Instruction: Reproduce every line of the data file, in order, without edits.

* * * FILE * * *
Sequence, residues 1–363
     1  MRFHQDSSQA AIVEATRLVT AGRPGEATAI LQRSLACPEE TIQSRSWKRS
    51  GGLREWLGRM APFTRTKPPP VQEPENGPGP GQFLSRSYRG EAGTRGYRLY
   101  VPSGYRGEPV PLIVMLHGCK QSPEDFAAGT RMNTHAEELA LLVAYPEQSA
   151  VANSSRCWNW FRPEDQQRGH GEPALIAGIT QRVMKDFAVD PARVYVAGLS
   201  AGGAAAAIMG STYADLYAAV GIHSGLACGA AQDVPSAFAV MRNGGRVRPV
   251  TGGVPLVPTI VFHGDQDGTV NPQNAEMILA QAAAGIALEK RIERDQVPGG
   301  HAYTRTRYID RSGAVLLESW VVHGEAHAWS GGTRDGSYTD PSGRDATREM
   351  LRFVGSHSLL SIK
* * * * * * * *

Sequence, residues 1–363
     1  MRFHQDSSQA AIVEATRLVT AGRPGEATAI LQRSLACPEE TIQSRSWKRS
    51  GGLREWLGRM APFTRTKPPP VQEPENGPGP GQFLSRSYRG EAGTRGYRLY
   101  VPSGYRGEPV PLIVMLHGCK QSPEDFAAGT RMNTHAEELA LLVAYPEQSA
   151  VANSSRCWNW FRPEDQQRGH GEPALIAGIT QRVMKDFAVD PARVYVAGLS
   201  AGGAAAAIMG STYADLYAAV GIHSGLACGA AQDVPSAFAV MRNGGRVRPV
   251  TGGVPLVPTI VFHGDQDGTV NPQNAEMILA QAAAGIALEK RIERDQVPGG
   301  HAYTRTRYID RSGAVLLESW VVHGEAHAWS GGTRDGSYTD PSGRDATREM
   351  LRFVGSHSLL SIK